Several days ago I saw a news article about medical marijuana being legalized in France, and I eagerly clicked on the link only to learn that medical marijuana was NOT legalized in France- Sativex was.
I explored other news stories and found a similar theme in several articles. The authors were equating the distribution of Sativex with the legalized use of medical marijuana. Comments on these articles often contained some bitter bickering between proponents of the plant and supporters of the notion that the chemical compound Sativex is equivalent to cannabis.
Sativex is the European trade name for a chemical compound called Nabiximol, a pharmaceutical product created only for prescription-based use by GW Pharmaceuticals. They grow vast quantities of cannabis in England to create the drug. Nabiximol is distributed in Europe by Bayer Schering Pharma, where it costs approx. 4 Euros per day to use; it is marketed and distributed in Asia, Africa and the Middle East, with some exceptions, by Novartis. It has been distributed to 29 countries at least, including some where its use is not controlled by prescription regulations. It is distinctly different from Marinol, a product that imitates the effects of cannabis compounds but does not actually contain chemicals derived from marijuana.
Nabiximol is a chemical compound delivered by oral spray and is often recommended for multiple sclerosis and to control neuropathic pain and spasticity. According to Wikipedia, “The drug is a pharmaceutical product standardised in composition, formulation, and dose, although it is still effectively a tincture of the cannabis plant.” It is a tincture lacking the full spectrum of 60+ cannabinoids found in the cannabis plant, having been refined to contain only a few.
But does that make Sativex equivalent to medical marijuana? That depends on your definition of medical marijuana- and your definition of corn.
Marijuana is a plant that grows in the ground. If you take the flowers of that plant, dry them out and add nothing to them, you have smokable marijuana. If you take the green, growing leaves, stems and immature flowering buds and run them through a juicer you have raw cannabis juice. The stalk can be used for animal food or ground into high-quality fiber stock.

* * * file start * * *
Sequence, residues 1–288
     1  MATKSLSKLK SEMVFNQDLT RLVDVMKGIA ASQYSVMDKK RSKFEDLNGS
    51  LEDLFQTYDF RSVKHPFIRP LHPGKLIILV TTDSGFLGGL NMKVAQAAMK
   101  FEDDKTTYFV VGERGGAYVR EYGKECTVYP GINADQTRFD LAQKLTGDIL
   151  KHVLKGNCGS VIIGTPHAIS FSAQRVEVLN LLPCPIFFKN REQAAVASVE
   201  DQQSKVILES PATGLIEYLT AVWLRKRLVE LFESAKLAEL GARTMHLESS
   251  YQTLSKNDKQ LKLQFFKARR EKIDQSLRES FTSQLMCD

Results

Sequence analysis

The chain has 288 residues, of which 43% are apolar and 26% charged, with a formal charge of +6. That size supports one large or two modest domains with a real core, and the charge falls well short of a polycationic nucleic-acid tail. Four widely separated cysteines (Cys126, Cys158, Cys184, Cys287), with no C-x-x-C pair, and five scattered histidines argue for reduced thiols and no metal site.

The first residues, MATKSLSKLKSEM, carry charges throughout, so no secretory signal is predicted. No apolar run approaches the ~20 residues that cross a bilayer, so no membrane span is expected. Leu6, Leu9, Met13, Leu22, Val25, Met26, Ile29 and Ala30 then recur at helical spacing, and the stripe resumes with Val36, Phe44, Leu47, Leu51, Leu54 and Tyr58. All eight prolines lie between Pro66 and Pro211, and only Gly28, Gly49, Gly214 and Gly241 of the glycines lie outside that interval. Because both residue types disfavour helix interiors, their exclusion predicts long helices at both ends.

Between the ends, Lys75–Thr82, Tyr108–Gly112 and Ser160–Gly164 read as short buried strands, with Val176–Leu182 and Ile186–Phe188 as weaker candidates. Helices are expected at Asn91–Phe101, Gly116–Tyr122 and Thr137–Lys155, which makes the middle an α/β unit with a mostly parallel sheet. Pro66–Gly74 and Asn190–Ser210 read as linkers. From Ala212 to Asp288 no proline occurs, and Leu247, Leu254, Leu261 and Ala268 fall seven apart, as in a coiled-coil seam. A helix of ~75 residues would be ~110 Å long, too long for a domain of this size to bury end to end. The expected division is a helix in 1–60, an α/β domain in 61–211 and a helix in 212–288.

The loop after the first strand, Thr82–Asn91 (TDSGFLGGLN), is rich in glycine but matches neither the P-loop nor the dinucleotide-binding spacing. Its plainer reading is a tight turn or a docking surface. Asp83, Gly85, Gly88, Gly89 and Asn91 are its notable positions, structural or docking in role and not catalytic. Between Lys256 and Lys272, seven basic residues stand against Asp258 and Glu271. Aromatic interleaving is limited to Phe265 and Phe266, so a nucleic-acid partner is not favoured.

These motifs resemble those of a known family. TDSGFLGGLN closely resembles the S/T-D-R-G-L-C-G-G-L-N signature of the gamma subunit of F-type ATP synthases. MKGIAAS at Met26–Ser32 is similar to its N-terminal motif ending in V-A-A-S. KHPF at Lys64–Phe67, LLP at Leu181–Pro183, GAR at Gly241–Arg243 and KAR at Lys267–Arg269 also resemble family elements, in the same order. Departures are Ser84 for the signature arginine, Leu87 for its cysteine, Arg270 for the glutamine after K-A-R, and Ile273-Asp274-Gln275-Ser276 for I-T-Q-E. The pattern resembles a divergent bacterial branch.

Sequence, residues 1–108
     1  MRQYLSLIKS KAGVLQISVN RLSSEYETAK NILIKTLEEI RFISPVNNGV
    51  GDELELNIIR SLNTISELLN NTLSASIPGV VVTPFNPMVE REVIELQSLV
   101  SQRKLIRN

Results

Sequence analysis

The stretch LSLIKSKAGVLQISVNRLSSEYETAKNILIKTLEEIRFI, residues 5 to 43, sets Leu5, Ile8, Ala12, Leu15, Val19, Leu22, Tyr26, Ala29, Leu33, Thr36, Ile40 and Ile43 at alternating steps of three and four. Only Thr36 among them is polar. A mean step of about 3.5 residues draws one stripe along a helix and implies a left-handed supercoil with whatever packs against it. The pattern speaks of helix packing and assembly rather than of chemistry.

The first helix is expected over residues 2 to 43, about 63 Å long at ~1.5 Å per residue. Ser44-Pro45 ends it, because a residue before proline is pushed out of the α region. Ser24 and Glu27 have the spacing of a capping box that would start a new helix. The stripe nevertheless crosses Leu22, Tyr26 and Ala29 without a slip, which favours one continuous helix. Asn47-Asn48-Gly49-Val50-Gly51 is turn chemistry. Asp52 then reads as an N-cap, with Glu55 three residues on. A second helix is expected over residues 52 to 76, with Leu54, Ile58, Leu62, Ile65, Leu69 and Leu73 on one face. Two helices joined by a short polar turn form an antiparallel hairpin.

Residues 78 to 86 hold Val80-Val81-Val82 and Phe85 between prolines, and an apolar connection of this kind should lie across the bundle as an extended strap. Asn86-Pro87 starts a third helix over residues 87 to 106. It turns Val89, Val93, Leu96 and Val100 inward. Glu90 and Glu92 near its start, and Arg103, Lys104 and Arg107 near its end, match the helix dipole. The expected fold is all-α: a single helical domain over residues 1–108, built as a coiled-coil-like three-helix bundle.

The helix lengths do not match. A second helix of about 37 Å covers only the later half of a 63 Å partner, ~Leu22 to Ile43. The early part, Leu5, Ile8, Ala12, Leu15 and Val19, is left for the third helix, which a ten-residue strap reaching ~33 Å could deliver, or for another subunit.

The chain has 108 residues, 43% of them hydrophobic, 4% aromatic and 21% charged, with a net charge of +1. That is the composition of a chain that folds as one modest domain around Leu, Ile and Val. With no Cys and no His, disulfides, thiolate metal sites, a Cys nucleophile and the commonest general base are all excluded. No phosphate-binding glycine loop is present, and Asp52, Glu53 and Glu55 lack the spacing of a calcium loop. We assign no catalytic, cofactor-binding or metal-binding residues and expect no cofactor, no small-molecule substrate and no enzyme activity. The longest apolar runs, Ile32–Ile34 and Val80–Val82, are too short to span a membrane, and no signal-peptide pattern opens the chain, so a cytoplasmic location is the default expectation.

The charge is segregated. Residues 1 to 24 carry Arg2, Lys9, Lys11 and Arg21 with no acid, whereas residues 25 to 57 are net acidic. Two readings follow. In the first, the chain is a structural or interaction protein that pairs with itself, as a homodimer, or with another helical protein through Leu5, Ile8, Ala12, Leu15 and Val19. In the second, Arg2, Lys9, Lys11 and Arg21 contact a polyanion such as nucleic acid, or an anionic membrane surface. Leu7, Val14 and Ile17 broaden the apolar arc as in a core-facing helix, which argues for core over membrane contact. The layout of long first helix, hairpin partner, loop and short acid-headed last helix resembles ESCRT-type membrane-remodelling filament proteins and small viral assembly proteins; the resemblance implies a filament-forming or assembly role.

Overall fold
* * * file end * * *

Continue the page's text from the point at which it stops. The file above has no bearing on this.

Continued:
You can steep the flowers in alcohol, agave or glycerin and create a tincture. Through heating, chemicals from the flowers transfer into the liquid medium which is then cooled and sipped- or, in the case of Sativex, sprayed. Cannabis tincture is considered to be a medical marijuana product.
Corn is a plant that grows in the ground. If you take the ears from the plant and add nothing to them, you have eatable corn. The stalks have some uses commercially. To create high-fructose corn syrup, you take the eatable ears, mash them up, extract from them the good stuff, chemically refine it, add some vitamins and preservatives and then toss it in a package for food companies to use. At least that’s what I saw on tv.
When does corn stop becoming corn and start becoming high fructose corn syrup? When additional chemicals are added, any chemical compound becomes a compound of a different name. Corn mash is a corn compound; adding a chemical to extract out the fructose turns the mash into something different, a corn slurry with a different chemical composition. The addition of preservatives and additives make it a new compound yet again. The substance those ears has become can never just be called ‘corn’ again.